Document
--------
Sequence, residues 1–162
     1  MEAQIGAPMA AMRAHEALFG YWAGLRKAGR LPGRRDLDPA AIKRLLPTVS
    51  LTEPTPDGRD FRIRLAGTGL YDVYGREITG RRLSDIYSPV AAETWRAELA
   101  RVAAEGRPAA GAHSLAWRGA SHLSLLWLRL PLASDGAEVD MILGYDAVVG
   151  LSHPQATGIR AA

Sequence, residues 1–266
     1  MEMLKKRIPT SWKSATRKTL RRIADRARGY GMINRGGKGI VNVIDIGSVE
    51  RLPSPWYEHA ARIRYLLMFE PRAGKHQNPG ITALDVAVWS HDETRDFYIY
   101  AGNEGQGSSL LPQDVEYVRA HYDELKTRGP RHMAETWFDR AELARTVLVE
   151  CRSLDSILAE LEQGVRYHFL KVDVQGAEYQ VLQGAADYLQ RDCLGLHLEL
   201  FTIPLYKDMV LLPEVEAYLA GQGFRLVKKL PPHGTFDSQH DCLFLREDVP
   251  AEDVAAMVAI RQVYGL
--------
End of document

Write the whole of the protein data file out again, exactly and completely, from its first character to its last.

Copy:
Sequence, residues 1–162
     1  MEAQIGAPMA AMRAHEALFG YWAGLRKAGR LPGRRDLDPA AIKRLLPTVS
    51  LTEPTPDGRD FRIRLAGTGL YDVYGREITG RRLSDIYSPV AAETWRAELA
   101  RVAAEGRPAA GAHSLAWRGA SHLSLLWLRL PLASDGAEVD MILGYDAVVG
   151  LSHPQATGIR AA

Sequence, residues 1–266
     1  MEMLKKRIPT SWKSATRKTL RRIADRARGY GMINRGGKGI VNVIDIGSVE
    51  RLPSPWYEHA ARIRYLLMFE PRAGKHQNPG ITALDVAVWS HDETRDFYIY
   101  AGNEGQGSSL LPQDVEYVRA HYDELKTRGP RHMAETWFDR AELARTVLVE
   151  CRSLDSILAE LEQGVRYHFL KVDVQGAEYQ VLQGAADYLQ RDCLGLHLEL
   201  FTIPLYKDMV LLPEVEAYLA GQGFRLVKKL PPHGTFDSQH DCLFLREDVP
   251  AEDVAAMVAI RQVYGL